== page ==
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The next meeting of Division 295 will be held on April 12th at 11:00.

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Pension changes would increase risk for workers
Published: May 5th 2009
Source: by Ish Theilheimer with Stephanie Fahey

The Harper Conservatives are poised to make small but high-impact changes to pension law that will let companies duck pension responsibilities and use pension money for other purposes. At the same time, they government has rejected a method it could use immediately to inject $200 billion stimulus into the economy through pension insurance.

With the economic crisis, Canadians in every trade and profession have become worried about their pensions and the stability of the plans that back them.

"I don't think there is a pension plan in this country that is not in some serious jeopardy at this point in time," NDP pension critic Wayne Marston (Hamilton EastStoney Creek) told a Parliament Hill news conference. "There isn't one that you can say is secure." The NDP has introduced legislation (C-361) intended to ensure public sector pensions investments are low-risk only and that executive bonuses are carefully supervised.

Joel Harden of the Canadian Labour Congress (CLC) says companies are blaming the economic crisis for underfunding of their pension plans. Although there are companies in serious trouble, research by the CLC shows that as recently as last November, corporations in Canada had 18.3 times as much in assets as in pension liabilities. Pension fund money, he says, has been shifted on balance sheets to other purposes.

"We also know that employers for many many years have been building up surpluses on their balance sheets so that they could gamble that financial economy," says Harden. Now, with the market collapse, they are claiming they have no money to meet their pension obligations. The CLC wants legislation that prevents the diversion of pension money and prevent employers from walking away from obligations.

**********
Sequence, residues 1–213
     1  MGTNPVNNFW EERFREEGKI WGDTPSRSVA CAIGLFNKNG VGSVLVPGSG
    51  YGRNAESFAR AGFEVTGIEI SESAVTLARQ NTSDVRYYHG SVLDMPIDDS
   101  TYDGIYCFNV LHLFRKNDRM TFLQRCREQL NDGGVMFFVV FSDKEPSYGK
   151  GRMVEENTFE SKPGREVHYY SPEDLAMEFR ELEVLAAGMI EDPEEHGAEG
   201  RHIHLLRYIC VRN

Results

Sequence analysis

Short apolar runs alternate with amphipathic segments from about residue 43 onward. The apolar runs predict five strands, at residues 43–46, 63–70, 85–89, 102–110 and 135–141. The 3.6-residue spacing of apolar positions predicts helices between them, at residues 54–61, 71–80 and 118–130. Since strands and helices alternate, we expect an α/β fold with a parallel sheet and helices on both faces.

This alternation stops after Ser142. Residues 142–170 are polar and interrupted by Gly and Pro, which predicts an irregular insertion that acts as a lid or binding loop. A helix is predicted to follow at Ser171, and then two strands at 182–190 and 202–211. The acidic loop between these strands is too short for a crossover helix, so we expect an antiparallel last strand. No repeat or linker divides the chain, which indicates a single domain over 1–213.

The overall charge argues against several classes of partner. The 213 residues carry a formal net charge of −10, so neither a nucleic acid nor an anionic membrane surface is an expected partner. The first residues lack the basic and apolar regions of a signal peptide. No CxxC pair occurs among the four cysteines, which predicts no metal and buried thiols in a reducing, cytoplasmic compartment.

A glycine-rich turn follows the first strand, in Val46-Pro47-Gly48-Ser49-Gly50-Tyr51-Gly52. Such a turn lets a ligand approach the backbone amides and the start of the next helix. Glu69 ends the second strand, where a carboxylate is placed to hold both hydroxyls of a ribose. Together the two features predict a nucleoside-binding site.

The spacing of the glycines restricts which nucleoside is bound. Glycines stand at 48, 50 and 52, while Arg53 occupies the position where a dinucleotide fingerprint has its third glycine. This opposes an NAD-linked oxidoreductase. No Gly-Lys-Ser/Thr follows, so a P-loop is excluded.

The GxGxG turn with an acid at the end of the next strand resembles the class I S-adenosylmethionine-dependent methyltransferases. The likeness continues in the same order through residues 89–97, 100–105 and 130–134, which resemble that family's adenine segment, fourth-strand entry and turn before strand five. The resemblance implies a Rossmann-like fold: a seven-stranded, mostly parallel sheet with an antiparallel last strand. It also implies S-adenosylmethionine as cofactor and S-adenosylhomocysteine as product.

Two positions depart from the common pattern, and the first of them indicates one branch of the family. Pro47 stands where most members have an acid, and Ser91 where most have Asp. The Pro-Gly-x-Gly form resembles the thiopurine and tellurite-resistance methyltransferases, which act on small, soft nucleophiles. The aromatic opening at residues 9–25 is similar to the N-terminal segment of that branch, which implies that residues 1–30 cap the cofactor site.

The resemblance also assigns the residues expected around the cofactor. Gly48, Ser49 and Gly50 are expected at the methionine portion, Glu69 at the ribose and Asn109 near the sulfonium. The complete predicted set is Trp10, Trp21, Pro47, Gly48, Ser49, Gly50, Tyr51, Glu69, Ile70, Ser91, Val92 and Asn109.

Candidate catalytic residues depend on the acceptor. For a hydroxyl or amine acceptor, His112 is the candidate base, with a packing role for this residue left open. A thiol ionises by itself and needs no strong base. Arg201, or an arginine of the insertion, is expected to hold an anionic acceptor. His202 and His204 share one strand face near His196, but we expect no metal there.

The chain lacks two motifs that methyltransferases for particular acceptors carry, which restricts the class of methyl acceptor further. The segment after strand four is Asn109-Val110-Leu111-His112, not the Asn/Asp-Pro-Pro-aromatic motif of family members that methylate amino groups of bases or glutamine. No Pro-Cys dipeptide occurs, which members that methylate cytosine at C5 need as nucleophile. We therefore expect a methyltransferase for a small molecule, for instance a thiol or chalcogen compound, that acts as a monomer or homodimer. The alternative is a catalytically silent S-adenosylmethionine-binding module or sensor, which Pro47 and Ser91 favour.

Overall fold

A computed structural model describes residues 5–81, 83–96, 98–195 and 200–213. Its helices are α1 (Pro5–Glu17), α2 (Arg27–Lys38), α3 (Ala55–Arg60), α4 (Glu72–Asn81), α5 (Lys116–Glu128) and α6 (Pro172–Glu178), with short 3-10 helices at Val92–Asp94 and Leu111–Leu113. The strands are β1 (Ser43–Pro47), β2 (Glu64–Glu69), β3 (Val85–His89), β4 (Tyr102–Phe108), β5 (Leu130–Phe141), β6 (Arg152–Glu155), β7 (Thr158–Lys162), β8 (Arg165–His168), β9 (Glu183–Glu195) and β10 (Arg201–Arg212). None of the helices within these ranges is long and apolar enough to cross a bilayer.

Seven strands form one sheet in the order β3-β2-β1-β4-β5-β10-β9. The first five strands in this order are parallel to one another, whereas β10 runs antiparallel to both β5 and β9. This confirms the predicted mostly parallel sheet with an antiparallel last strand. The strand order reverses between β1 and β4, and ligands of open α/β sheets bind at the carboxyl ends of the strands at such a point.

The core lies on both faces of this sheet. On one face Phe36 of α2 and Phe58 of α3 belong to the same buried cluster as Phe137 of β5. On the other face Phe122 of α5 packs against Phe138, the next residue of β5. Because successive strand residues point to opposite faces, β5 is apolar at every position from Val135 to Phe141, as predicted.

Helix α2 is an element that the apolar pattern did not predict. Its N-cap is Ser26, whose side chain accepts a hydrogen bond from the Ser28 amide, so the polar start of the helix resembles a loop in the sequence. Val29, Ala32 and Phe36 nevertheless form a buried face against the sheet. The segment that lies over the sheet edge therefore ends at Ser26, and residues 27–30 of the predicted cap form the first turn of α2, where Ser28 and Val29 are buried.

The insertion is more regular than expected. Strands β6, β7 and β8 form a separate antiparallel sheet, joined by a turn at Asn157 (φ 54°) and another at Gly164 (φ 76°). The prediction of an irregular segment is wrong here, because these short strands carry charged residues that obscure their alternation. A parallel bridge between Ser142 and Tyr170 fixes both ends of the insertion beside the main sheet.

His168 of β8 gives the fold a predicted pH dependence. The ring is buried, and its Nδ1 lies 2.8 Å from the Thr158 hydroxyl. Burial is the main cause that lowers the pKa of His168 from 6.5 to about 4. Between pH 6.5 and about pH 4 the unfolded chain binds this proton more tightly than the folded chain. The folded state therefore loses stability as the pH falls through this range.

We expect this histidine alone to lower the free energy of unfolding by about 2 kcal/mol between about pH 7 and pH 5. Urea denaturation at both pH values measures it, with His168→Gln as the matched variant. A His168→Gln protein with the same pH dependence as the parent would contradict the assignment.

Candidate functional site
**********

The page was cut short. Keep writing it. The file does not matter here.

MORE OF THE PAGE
The government is proposing a small accounting change that will let employers say their pension funds are worth more than they are. Under the rules, companies with enough money presumed to be in pension funds can use money for other purposes. "We're talking about money that ought to be going into pensions that is being diverted elsewhere," says Harden. "For financial investments for executive compensation, we don't know." Another small change with massive impact is to give companies "flexibilty" to invest pension fund money without repayment for a longer period of time - ten years, instead of five.

The CLC and NDP are promoting the same sort of public insurance for pensions as with bank deposits and other services, and say it would be affordable. "For all the important things in our life, we need mandatory insurance," says Harden. "For our house, for our car, for our job, workers compensation or EI - unfortunately most people cannot collect on their EI insurance. But for some reason for the longest time, apart from the province of Ontario, where there's a minimal insurance system, we don't insure pensions. In moments like this we really realize why it's so important to do so."


Conservatives say insuring pensions will give companies incentive to be irresponsible, knowing they'll be bailed out by the government if they fail. In the US, abuses have occurred with pension insurance, says Harden, due to lack of regulation to keep pension funds from going into financial speculation and extravagant bonuses.

He points to the Air Canada story with concern. "They were given more flexibility in their pension funding when they filed for bankruptcy protection in 2004. The workers there took massive wage cuts to protect their defined benefits secured pension plan. They were told that would happen.

"What's happened since? Air Canada got that flexible pension funding in the five years since, they have paid out massive bonuses to executives, both to Robert Milton and Monty Brewer, who got severance packages of 46 million dollars and 32 million dollars respectively. They've sold off two billion dollars in assets. They've split the company into five parts, and they've underfunded the pension. The pension plan today at Air Canada is underfunded to the tune of 3.2 million dollars.

Harden calls this a "cautionary tale, when you allow employers more flexibility in their pension funding" and no regulations concerning executive payouts. "When you give people flexibility with no oversight, we worry that pensions will be lost with lateral damage. Our view at the moment is that we have examples that suggest permanent across-the-board, weaker pension rules are not what we need right now. We need stronger pension rules. We need an improved Canada Pension Plan. We need measures that will help people have more pension income and more pension security. Sadly what the federal governments discussion paper suggests is that the government is actually listening to the employers now, and inching in the other direction."

 


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